However, you will normally benefit from getting a disc spreader and a torque wrench from a local hardware store.
Things You’ll Need:
- Brake Fluid
- Replacement Brake Pads
- Floor jack + Jack stands
- Wheel chocks
- Wrench and ratchet set (normally in mm, but check your car)
- Screwdriver set (large flat screwdriver)
- Graphite-based grease
- Brake cleaner
- Disposable cleaning towels
- C-clamp per number of pistons on each wheel (usually 2)
- Lug wrench
Replacing Your Brake Pads
To get started replacing your brake pads, you’ll want to park your car on a flat and level surface. Turn off the engine, remove the key from the ignition, and chock the wheels.
Then, use a floor jack and jack stand to elevate the car on the side you want to work on. You might want to loosen the lug nuts first.
In addition, you’ll want to check the brake fluid, if it’s completely full, you’ll want to drain some of it into a container.
- Remove the wheel.
- Remove the caliper bolt. Normally you can just use a ratchet to twist it off. Then, push it out of the way. Some people prefer to use a bungee cord or a string to tie it up out of the way. On most cars, the bolts are on the inside. You can turn the wheels of the car to make this easier to access. In addition, you normally only have to remove the bottom bolt. However, some vehicles will require you to remove the full caliper. Do not disconnect any lines when flipping the caliper up.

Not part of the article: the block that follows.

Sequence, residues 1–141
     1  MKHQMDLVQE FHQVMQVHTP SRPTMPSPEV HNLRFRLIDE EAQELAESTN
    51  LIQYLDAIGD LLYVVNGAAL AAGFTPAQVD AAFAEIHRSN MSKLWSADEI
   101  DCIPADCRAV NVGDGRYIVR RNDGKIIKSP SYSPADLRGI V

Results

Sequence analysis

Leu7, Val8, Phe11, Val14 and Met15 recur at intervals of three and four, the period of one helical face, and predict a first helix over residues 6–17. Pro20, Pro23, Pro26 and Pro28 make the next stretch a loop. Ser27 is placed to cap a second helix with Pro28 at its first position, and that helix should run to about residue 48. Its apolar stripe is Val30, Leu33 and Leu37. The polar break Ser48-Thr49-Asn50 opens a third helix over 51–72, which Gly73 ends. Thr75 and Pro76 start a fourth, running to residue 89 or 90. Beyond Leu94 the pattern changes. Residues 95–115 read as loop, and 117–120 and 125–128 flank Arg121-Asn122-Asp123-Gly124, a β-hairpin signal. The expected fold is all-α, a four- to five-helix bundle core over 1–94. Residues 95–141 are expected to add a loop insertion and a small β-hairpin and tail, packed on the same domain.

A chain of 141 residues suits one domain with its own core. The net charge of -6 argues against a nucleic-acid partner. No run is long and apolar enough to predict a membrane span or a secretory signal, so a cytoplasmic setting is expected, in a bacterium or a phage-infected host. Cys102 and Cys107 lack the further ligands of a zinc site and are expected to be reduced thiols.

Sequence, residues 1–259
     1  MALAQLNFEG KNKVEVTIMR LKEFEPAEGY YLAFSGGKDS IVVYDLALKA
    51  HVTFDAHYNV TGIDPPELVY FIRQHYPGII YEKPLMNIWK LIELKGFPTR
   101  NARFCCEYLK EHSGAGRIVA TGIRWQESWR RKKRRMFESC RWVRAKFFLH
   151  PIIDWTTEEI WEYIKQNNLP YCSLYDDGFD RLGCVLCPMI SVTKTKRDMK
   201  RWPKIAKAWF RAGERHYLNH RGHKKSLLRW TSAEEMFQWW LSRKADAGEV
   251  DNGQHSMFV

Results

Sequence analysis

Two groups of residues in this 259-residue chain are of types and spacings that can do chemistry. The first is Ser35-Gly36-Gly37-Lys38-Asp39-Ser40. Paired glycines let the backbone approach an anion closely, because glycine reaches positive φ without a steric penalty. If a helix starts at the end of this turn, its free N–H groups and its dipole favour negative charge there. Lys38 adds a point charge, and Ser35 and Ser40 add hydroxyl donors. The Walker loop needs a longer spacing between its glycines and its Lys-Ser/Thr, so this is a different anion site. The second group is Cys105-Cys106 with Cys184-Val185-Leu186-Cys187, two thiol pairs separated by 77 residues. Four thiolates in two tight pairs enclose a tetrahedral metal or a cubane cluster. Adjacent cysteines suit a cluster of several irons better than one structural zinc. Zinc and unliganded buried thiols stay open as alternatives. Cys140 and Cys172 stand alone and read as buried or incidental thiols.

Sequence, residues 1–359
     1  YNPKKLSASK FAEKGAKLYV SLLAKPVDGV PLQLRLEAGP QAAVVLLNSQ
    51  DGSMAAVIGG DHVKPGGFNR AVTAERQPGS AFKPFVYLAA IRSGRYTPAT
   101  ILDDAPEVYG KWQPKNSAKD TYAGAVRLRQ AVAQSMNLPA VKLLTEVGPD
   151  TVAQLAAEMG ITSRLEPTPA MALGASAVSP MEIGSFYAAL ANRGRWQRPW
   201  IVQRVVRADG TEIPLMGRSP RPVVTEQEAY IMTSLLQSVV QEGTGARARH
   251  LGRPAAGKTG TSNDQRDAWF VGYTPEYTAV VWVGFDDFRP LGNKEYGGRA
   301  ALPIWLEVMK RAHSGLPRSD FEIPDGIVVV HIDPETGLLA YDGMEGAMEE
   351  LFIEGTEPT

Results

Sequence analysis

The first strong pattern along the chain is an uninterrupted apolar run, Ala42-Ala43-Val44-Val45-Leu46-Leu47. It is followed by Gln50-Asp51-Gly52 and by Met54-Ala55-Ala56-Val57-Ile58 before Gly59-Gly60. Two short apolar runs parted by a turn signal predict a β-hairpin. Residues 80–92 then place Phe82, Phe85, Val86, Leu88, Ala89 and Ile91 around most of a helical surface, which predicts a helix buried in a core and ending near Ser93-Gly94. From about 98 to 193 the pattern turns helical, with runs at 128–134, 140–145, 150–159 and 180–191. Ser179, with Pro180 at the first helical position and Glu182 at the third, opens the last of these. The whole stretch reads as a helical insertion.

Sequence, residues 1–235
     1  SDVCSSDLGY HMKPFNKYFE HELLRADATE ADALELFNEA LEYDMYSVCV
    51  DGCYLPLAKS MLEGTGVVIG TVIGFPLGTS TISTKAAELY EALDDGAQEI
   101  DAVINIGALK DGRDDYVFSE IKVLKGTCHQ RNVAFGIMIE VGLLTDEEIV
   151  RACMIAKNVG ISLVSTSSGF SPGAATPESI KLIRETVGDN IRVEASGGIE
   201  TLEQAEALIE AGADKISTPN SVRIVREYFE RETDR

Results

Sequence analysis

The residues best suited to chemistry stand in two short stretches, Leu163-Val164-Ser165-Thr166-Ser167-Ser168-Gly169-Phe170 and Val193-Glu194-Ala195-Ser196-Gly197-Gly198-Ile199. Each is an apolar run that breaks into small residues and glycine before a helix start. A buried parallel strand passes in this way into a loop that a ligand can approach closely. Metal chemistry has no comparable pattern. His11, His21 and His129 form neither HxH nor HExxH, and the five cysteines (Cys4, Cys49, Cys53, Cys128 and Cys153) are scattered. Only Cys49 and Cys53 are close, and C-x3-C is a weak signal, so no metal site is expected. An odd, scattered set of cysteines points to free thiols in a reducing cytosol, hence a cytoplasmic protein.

- Remove the caliper mounting bracket. Then, use C-clamps to retract the piston(s) and hold them out of the way. You’ll want to leave these in place until you get the new brake pads in place, so the thicker pads have space between the pistons.
- Slide the old brake pads out. You can do so by depressing the retaining clips on either side. You’ll want to inspect them for uneven wear. For example, if you have gouges, if one side is more worn than the other, etc. This may be a sign that the caliper is seizing up and any new brake pads you put in will simply be ruined immediately.
- Replace the brake pads. This involves taking the new retaining clips out of the brake pad package and replacing the old ones. You’ll also want to clean the mounting surface with a wire brush and brake cleaner if possible and then apply new brake grease. From there, you can simply snap the new brake pads into place. It’s a good idea to inspect your rotors at this point as well. They might benefit from being replaced or cleaned.